AJAX - the ‘NOT the CR2 upgrade’ thread

It was a serious question - you bang on about stationing troops on Russia's doorstep all the time.
I would be very interested to read of other suggestions as to where, we should deploy - pre-position - what armour we do have, as a strategic deterrent to Moscow’s conventional land forces ?!
 

PhotEx

On ROPS
On ROPs
I'm asking about risk, not deployability.

Carriers can sink remarkably rapidly too.

A Carrier Strike Group would be an extremely difficult nut even for a peer adversary to crack..

A Strike Brigade? It would struggle against a well equipped African Warlord.
 
A Strike Brigade? It would struggle against a well equipped African Warlord.

Without getting into an argument about the ifs whys and wherefores - isnt this a moot point since there are no strike brigades - they have gone the way of the norwegian blue
 
RT for 'news'?

Really?

Yes . . . really !!

I did NOT say that I accept what RT publish, but recognising it as PROPAGANDA, it is a useful tool, providing as it does an insight into the opposition's mind-set.

The same with Aljazeera. Accept it for what it is, and it/they both, provided a more rounded view on world events, than is IGNORED by the BBC/MSM :( .
 
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PhotEx

On ROPS
On ROPs
Without getting into an argument about the ifs whys and wherefores - isnt this a moot point since there are no strike brigades - they have gone the way of the norwegian blue

or whatever they are being called this week.
 

Cold_Collation

LE
Book Reviewer
It's flawed, dangerous and not for for purpose, both the RN and RAF have had capabilities cut on the altar of supporting the Army on Telic and Herrick.
Now rangers are the solution.
But is is not being challenged by anyone credible in any credible forums.

We can bump our gums/tap keyboards here but the level of debate in the mainstream is non-existent.
 
But is is not being challenged by anyone credible in any credible forums.

We can bump our gums/tap keyboards here but the level of debate in the mainstream is non-existent.
Oye !! " . . . not being challenged by anyone credible in any credible forums" . . . I resemble that remark !! ;) .

I thought we were all contributing something "very useful" posting on ARRSE :) .

Now - you tell us - that the HoC, MoD, No10, and MSM, do NOT have people monitoring ARRSE ?! :( .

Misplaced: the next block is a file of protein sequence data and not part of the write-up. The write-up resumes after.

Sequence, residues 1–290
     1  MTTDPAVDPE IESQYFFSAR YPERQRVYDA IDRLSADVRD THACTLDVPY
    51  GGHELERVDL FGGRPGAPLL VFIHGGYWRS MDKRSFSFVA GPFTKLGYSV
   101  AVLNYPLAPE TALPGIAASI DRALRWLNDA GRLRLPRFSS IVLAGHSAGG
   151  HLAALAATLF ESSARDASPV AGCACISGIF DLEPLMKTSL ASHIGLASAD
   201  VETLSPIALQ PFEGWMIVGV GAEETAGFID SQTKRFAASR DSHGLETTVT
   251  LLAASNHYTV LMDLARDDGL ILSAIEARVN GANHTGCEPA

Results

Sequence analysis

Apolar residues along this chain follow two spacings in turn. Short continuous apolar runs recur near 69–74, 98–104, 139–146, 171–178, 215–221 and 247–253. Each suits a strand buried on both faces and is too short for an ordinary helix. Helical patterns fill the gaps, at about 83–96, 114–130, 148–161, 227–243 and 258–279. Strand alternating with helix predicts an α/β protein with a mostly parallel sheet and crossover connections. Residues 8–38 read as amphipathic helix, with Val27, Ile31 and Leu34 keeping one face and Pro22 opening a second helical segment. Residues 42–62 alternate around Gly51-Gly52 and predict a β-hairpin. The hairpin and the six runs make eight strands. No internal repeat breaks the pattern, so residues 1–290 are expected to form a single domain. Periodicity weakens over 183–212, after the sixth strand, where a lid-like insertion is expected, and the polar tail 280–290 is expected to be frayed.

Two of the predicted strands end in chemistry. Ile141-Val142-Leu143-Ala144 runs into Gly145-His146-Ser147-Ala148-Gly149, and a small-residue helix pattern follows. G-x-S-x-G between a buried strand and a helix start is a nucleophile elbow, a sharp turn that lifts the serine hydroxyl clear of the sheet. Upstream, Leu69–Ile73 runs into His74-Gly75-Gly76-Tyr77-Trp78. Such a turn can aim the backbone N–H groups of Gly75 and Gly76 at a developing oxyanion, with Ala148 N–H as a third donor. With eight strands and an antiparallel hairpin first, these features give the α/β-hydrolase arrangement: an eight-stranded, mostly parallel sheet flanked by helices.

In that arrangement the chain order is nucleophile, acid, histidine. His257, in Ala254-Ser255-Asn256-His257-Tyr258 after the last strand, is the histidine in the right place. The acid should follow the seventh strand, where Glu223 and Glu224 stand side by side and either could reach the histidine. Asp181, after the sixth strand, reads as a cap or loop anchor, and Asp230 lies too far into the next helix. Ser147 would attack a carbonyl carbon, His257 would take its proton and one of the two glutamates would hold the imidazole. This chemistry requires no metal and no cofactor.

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And why is this the case? A near fatal obsession with light role infantry, SF and becoming enmeshed in difficult counter-insurgencies that divert, funding, expertise and career opportunities. The AI role is not inculcated in the Infantry as it was back in the day (as 'mechanised') because those who are now commanding battalions and brigades have little or no experience of it - they are all TELIC/HERRICK types.
Roll your memory back to the 1990s. It's the "end of history". Communism has been defeated and the Soviet Union is no more. The West has won and there no longer exist any major competitors for world power. If the army is to have any future at all, it will be fighting insurgents and terrorists in distant minor third world countries. Those who insisted that there was still a role for heavy armour were dinosaurs obsessed with a world that no longer existed.

So, the army adapted to the new future. Heavy armour was de-emphasised, light infantry were given a more prominent role, and the "dinosaurs" who had built their careers on heavy armour were sidelined. The army then went on to fight in endless wars in Afghanistan and Iraq so the UK government could earn brownie points with the Americans.

Roll forward to 10 or so years ago. Afghanistan and Iraq are turning into quagmires, but the UK aren't ready to pull out completely yet because that would affect relations with the Americans. Russia however are getting back on their feet and rebuilding their army.

Roll forward a few more years. Afghanistan and Iraq are unquestionably a disaster and the rush to the exits starts. This however has to be dressed up as not a defeat, but as a forward march to a new opponent, Russia. New marching orders come down to the army from cabinet to prepare for a new mission in eastern Europe. That requires new equipment, and the "dinosaurs" of heavy armour are back in fashion.

Roll forward again. Brexit has happened. Thoughts in London start to turn to the wider world outside of Europe and Britain's place in it. A realisation may be beginning to dawn in London that there can be no more than a token defence of eastern Europe from Russia without the whole hearted involvement of the Germans, and the Germans are doing very little. With that in mind, Europe is seen as important, but perhaps not as important as thought a few years earlier. Meanwhile, Washington are obsessed with the growing influence of China and how to counter them in Asia and Africa. London begins to think that the way to win favour with the Americans is to be able to do more in those areas. Failing that, Britain can work on building influence for itself in the Far East with the goal of finding a foothold for itself in the new centre of the global economy. Perhaps too much emphasis was being placed on heavy armour for eastern Europe and a different balance needs to be struck. CR3 sounds like a safe bet, but is that Ajax project really that useful if it can't deploy in Africa?

Etc.

War is the continuation of diplomacy by other means. The army has been the primary tool for conducting UK armed foreign policy for the past few decades. That foreign policy has changed radically several times over the past couple of decades. Why on earth would anyone have expected the army to remain the same during that time?

This doesn't excuse the procurement problems with Ajax, but you will never solve the actual procurement problems if you insist on going up the blind alley of thinking the problems lie with the army changing to suit changing government policy. The real problems more likely lie within weaknesses in MoD development and procurement structures.
 

Himmler74

On ROPS
On ROPs
But is is not being challenged by anyone credible in any credible forums.